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Cheapest route for car buyers may be to shop around Europe

IRISH car buyers should shop around Europe for the best deals, as prices continue to vary by up to 30pc across the EU.

Even with the extra cost for getting a right-hand drive car, the savings can be considerable.

And the gap is forecast to widen after enlargement in less than two months' time, with pre-tax prices even lower in some of the accession countries like Poland and Slovakia.

Although Irish car prices are generally at the lower end among the 15 current member states, they leap by up to 76pc more after taxes are included - far more than in most countries.

The latest European car survey shows the promised drop in prices from a more liberalised car market has still to feed through to consumers, with many controls not due to be removed for another year.

Although the market for both servicing and spare parts was liberalised last October, the European Commission admits it is too early to assess if it will force prices down, as predicted when the changes were announced.

At the moment, five separate models are cheaper pre-tax in Ireland than any where else, while five others are the most expensive out of 91 compared. Before tax, Ireland is the cheapest place in Europe to buy a Volkswagen Polo, Citroen Xsara Picasso, Citroen C5, Citroen C8 and an Audi A8.

Ireland is the most expen sive for five other models - 27.7pc dearer than the cheapest country for the Toyota Corolla, Fiat Sei cento (24.8), Skoda Superb (24.9), Nissan Micra (21.8) and the Saab 9.3 (16.1).

Dublin MEP Proinsias de Rossa calculated that of the 91 different cars surveyed, Irish pre-tax prices were 8pc above the lowest price anywhere else.

He claimed car manufacturers "are still ripping" off Irish car buyers.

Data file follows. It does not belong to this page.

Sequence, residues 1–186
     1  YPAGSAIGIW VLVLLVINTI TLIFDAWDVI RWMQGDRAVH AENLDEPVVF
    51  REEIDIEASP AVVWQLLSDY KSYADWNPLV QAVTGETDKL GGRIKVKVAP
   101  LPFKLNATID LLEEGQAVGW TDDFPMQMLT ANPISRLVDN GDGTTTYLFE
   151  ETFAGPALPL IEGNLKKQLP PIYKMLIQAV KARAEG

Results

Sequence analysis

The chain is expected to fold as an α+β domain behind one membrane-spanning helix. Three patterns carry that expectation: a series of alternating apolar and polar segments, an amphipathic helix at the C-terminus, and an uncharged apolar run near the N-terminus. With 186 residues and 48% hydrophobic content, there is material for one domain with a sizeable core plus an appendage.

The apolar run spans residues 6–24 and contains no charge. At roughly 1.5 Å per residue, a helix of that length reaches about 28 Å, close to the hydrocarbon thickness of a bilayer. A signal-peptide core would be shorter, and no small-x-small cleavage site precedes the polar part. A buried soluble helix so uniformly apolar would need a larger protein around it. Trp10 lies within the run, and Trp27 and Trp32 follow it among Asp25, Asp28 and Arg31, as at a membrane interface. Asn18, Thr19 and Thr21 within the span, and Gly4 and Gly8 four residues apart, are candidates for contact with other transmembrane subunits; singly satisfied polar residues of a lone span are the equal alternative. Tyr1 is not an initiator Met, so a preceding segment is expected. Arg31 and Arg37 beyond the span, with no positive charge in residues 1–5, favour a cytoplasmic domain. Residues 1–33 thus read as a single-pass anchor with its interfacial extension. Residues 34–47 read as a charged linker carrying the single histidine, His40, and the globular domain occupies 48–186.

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"The perception that pre- tax prices in Ireland are among the lowest in Europe is merely the result of an extremely well-funded but entirely misleading PR campaign by manufacturers. As the commission has pointed out, the lowest pre-tax prices are to be found in Denmark, Greece and Finland, not Ireland."

But Cyril McHugh of the Society of the Irish Motor Industry dismissed Mr De Rossa's interpretation of the figures. "It's a silly argument, you have to take the average price and work from there. We're 8pc more than the cheapest anywhere," he said. "Obviously he's on some form of capitalist crusade against manufactur ers."

Finland and Denmark's even higher tax rates force manufacturers to sell cars there at even lower prices than Ireland. This appears to be the case for the Toyota Corolla and the Saab 9.3, since an Irish car buyer would have to travel to Helsinki for the best price.

The cheapest place to buy a Nissan Micra is Greece - but it is also considerably cheaper in nearby France where irish motorists could feasibly 'shop' for a bar gain. Prices are more diffi cult to compare with the non-Eurozone countries of Britain, Denmark and Swe den, but are generally more expensive in Britain than Ireland.

If you order the Micra in France, you would pay ?8,938 before tax, plus ?366 for a right-hand drive model, before adding VAT and VRT payable in Ireland - these taxes together add about 56pc for a small-engined car, when driven into Ireland. The total price tag comes to ?14,514 - still ?1,140 cheaper than in Ireland. The price for driving off the forecourt for most French consumers would be ?10,690, compared with ?15,655 in Ireland.

But Mr McHugh claimed the real villain affecting Irish motorists was the taxman, not the carmakers.

The prices surveyed have in addition 21pc VAT plus a vehicle registration tax - which, at the top rate, adds 56pc to the initial pre-tax car price and increases prices by up to 76pc.

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